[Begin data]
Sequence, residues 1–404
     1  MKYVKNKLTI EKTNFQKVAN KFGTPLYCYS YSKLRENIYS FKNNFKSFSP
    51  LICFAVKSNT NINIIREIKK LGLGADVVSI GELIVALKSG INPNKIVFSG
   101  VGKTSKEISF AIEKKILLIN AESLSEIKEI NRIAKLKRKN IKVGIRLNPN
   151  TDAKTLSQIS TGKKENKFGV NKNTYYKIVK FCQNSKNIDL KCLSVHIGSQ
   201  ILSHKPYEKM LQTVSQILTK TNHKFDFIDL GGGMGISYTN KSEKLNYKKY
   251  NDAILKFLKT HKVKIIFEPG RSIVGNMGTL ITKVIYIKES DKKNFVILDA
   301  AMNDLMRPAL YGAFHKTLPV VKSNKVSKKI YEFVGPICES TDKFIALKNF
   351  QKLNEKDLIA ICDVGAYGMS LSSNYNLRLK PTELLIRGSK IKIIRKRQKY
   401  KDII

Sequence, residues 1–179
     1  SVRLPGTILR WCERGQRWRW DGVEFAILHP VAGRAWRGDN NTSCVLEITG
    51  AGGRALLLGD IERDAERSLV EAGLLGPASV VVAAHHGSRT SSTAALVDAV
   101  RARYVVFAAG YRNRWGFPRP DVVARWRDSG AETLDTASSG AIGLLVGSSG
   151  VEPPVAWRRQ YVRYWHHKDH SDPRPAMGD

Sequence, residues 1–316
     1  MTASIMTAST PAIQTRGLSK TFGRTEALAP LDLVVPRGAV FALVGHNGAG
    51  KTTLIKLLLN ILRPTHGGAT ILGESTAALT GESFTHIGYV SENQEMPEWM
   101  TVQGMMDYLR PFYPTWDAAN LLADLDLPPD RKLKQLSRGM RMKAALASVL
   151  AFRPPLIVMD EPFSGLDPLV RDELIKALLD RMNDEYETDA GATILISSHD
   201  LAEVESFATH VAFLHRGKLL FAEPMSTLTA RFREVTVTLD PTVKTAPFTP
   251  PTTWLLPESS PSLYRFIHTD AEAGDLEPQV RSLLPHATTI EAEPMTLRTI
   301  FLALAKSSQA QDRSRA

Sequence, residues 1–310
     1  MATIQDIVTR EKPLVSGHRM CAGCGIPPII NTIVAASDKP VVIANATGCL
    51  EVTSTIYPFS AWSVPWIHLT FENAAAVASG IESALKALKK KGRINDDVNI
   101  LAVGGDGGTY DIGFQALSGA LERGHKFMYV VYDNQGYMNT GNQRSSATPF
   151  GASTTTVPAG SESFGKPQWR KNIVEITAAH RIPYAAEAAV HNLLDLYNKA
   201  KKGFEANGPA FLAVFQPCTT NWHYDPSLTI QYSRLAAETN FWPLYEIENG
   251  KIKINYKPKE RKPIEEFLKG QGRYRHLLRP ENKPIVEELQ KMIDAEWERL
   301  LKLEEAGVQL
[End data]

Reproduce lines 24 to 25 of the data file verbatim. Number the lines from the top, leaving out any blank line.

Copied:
Sequence, residues 1–310
     1  MATIQDIVTR EKPLVSGHRM CAGCGIPPII NTIVAASDKP VVIANATGCL